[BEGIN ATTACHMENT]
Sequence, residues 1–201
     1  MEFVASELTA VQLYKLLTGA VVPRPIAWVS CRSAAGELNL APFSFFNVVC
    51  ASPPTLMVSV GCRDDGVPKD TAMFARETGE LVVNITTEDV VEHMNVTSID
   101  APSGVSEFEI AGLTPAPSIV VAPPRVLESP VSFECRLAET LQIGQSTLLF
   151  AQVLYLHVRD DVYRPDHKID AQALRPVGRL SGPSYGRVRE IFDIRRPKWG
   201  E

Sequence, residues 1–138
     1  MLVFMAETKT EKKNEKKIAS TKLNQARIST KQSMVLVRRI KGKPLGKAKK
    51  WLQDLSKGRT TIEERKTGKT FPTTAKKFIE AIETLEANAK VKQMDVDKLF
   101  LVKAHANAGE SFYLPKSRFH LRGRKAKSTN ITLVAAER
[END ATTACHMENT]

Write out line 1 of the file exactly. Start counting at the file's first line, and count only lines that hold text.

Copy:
Sequence, residues 1–201